1. well, I would like to verify it automatically, but that's a different problem to address ↩︎


Opposed to the original topic of this thread, I don't believe anymore that a proper solution would be a tool. In fact, it's the Cargo.toml metadata which needs to be extended, I think, in order to solve this cleanly.

I opened an issue on this:


Perhaps there should be a field for the copyright lines specifically? Debian's deb format has this.

Because the rest of the license text must be equivalent by definition of the SPDX identifier. If there's any meaningful change (e.g. someone added a sentence with an extra requirement or inserted "not" somewhere), then it's not the license any more, and the license field would be disagreeing with the license file.

I think you are wrong. (Edit, sorry if this came off as personal: I think that's not correct.) It's not only certain "lines". Often parts of the text of the license itself are replaced with the actual copyright holders or the product name. See the red parts here, for example:

this software and associated documentation files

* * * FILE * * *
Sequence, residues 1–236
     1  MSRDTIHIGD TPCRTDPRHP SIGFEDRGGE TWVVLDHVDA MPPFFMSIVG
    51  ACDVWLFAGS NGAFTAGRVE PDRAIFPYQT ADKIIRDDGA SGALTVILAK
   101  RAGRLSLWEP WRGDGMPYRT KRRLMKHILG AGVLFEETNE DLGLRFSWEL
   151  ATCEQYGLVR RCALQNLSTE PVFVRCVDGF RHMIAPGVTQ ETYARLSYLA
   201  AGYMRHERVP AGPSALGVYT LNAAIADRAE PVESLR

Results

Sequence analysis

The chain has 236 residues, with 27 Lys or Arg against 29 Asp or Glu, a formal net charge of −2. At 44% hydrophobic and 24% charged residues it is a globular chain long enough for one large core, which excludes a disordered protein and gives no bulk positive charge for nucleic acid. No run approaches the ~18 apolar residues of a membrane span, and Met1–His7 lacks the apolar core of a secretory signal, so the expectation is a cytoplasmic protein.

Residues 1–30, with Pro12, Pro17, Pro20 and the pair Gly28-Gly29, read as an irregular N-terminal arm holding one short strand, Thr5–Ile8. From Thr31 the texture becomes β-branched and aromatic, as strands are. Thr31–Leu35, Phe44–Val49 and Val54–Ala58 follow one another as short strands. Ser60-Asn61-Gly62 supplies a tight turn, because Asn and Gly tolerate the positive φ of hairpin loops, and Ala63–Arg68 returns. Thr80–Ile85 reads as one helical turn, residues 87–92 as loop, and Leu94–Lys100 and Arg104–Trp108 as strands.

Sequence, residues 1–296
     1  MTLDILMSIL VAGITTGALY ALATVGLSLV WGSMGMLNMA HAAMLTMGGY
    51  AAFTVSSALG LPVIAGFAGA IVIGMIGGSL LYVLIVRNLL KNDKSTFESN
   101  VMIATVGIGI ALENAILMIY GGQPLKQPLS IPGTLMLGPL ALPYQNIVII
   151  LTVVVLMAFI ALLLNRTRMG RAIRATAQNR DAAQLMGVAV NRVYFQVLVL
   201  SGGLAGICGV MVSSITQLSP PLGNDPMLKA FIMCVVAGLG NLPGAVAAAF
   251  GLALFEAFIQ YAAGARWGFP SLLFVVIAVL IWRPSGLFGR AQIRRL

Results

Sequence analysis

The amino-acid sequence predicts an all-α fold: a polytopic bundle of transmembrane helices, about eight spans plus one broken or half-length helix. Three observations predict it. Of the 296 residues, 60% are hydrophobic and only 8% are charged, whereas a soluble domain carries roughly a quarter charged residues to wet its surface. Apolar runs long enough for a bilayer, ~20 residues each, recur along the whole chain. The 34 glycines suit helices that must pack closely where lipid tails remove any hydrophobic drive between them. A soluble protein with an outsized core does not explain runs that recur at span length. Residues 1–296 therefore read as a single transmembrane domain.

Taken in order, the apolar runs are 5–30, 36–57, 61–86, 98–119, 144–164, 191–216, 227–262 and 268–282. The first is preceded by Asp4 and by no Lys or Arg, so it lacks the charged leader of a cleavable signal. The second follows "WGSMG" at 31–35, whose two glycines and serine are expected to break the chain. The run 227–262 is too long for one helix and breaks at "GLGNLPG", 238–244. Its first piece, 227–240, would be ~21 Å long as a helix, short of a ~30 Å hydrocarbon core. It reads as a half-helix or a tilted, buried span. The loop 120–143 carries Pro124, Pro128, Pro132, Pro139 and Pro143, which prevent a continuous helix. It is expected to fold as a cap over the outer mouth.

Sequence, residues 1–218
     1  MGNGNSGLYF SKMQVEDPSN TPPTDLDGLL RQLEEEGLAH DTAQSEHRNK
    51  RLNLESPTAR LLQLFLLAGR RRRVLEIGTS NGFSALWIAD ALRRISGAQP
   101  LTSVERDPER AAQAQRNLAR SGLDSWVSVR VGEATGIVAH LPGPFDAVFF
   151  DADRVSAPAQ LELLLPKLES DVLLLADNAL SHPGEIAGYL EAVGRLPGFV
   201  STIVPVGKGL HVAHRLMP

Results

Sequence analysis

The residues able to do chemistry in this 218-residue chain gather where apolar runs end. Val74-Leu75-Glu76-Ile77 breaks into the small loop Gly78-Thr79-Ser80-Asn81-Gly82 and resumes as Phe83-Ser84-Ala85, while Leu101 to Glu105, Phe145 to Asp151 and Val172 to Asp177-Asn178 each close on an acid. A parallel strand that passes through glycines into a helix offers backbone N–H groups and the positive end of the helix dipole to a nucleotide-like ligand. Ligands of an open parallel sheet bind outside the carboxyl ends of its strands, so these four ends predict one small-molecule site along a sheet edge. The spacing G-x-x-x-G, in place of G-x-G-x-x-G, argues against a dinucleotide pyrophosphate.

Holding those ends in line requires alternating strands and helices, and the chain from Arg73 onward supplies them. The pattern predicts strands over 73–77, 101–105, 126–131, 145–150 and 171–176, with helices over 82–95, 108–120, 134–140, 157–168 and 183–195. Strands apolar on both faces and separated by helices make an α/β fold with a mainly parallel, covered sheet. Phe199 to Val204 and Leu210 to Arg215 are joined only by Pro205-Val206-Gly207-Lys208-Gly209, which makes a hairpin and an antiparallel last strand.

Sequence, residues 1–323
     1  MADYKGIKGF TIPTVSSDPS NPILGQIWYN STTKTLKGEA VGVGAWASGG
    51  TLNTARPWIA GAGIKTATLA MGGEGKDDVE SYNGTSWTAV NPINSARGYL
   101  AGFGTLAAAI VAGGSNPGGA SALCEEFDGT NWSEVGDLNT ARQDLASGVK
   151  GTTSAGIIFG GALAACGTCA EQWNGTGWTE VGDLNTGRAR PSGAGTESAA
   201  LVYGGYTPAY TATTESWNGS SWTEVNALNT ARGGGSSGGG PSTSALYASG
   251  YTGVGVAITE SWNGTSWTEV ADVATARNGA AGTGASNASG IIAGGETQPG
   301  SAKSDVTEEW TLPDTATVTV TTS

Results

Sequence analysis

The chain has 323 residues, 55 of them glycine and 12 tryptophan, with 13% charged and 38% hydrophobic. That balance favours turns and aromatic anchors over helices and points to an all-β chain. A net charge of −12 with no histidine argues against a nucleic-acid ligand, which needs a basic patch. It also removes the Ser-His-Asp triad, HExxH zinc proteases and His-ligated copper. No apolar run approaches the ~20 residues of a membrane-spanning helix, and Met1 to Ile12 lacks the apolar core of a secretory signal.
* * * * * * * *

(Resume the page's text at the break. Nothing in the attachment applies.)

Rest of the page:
could be replaced with a package or software name, and


could be replaced by the actual copyright holders, e.g. a Foundation's name.

If a crate publisher legitimately modifies these parts, I need to ship this modified version with my bundle. I can't recreate a license file from scatch. That would violate the license terms.

See also SPDX Annex B License matching guidelines and templates (Informative), in particular subsection B.3.4.

A particular example can be found under SPDX identifier MIT-modern-variant where already the replacable text in the template(!) contains the university's name:


If I were to use that "modern variant" of the license, I would of course have to replace the name of the university with my own organization's name.

Of course, but dealing with malicious packages is another problem that doesn't need to be resolved by the mechanism that helps me dealing with benign crates. Such crates which insert a "not" into the license text (where the "not" really means negation of certain rights) while using a wrong/misleading entry in the license metadata field would hopefully be banned from crates.io when this is discovered and made well-known.